A few years into what would become the nearly quarter century-long life-cycle of the "Fox" body Mustang, a fresh engine option revived the moribund pony-car class. It was known as the 302 when it was last seen in the late Seventies, but Ford was giving metric displacements to its motors by 1982 and the Mustang GT was fitted with new 5.0 badges on its front fenders and rear deck.
With an actual displacement of 4,942 cc, Ford was a bit optimistic in its rounding, but no matter. Over the next 14 years, the 5.0-liter V8 grew from a two- to a four-barrel carburetor and later added fuel injection to produce progressively more power and torque. The evolution of the 5.0 made it a legend in the realm of affordable performance and after a 15-year hiatus, during which Ford's 4.6-liter modular V8 served as the heart of the Mustang, the 5.0 is back and looks better than ever. Make the jump for deep dive into at the 2011 Ford Mustang GT's all new powerplant.
Just a year after getting a thorough refresh, the 2011 Mustang is finally getting the new powerplants it deserves. The base Mustang's new 3.7-liter V6 debuted just before the LA Auto Show, but while the V6 option represents the majority of Mustang sales, the GT's V8 is the motor Mustang fans crave. The new 5.0 really is an all-new engine sharing virtually no parts with the prior 4.6-liter. Only the bore spacing and deck height were carried over, allowing the block and heads to be machined on the same transfer lines with less re-tooling. Ford Racing has also offered a 5.0-liter crate engine for the last several years, but this new engine doesn't share anything with the race-ready mill other than its fundamental architecture. Unlike the historic 5.0, which was a cam-in-block pushrod two-valve, the new motor has dual overhead cams and four valves per cylinder.
According to chief engineer Mike Harrison, VP of global product development Derrick Kuzak tasked him with developing a new engine for the Mustang just over two years ago, and in that time his team has gone from clean sheet to production. That makes this one of Ford's fastest engine development programs ever. The basic parameters were laid out as such: 5.0 liters of displacement and 400 horsepower. The end result is an engine with 92.2mm bore and a 92.7mm stroke. For the mathematically challenged, that works out to 4,952 cubic centimeters and now properly rounds to 5.0-liters while still equaling 302.2 cubic inches. As for the power requirement? Mission accomplished, with 412 hp at 6,500 rpm and 390 pound-feet at 4,000 rpm.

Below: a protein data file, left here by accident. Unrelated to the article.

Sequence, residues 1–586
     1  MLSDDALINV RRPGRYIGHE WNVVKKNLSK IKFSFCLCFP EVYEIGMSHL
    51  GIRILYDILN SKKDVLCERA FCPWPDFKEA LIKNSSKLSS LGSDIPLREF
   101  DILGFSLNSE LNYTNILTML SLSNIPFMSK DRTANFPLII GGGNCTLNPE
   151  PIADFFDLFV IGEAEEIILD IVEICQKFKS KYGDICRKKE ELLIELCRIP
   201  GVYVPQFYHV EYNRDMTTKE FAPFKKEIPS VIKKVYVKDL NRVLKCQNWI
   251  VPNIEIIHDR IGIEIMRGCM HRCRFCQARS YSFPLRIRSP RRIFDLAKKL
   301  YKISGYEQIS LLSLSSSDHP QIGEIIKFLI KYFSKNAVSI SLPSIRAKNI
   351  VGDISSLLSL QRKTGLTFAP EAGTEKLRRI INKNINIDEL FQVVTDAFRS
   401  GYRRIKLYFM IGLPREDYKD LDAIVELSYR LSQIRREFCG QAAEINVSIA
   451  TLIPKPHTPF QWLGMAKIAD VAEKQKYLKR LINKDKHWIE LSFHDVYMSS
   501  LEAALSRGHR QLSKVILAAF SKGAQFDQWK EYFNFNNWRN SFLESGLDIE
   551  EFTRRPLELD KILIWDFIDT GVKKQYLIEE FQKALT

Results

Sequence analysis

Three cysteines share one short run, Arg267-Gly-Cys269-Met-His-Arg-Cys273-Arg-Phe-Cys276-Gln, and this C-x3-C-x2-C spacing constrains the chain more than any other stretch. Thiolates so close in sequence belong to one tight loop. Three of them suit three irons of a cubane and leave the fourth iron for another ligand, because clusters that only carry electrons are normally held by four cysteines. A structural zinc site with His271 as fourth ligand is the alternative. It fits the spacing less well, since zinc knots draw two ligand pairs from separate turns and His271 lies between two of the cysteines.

The new 5.0 also has a brand new aluminum cylinder block and heads designed to maximize performance while keeping weight down. Both have been carefully designed using both finite element analysis (FEA) and computational fluid dynamics (CFD) tools. The FEA tools have allowed the engineers to design in strength where it's needed while removing material where it's not. The result is a block that's heavily ribbed for rigidity and a deep crank-case that extends down to the bottom of the crankshaft. The 5.0 has four-bolt main bearing caps and the deep crank-case allows the side bolts to fit through the wall into caps that add extra rigidity and support. The configuration happens to be similar to that used on General Motors' LS9 and LSA engines in the ZR1 and CTS-V. Cast-iron cylinder liners, meanwhile, are pressed into the aluminum block to insure a good wearing surface.
The crankshaft is made of forged steel and is fully counter-weighted to aid smoothness. The connecting rods are forged powdered metal and the pistons are hyper-eutectic (translation: they contain a higher concentration of silicon, which helps reduce thermal expansion). As a result, the tolerances between the piston and bore can be tighter and allow for better sealing. Another change made to improve reliability and durability is cast-in coolant crossovers. In the past, a separate tube was inserted to provide a path for coolant to cross from one bank to the other, which added an extra assembly process as well as increasing the potential for leaks.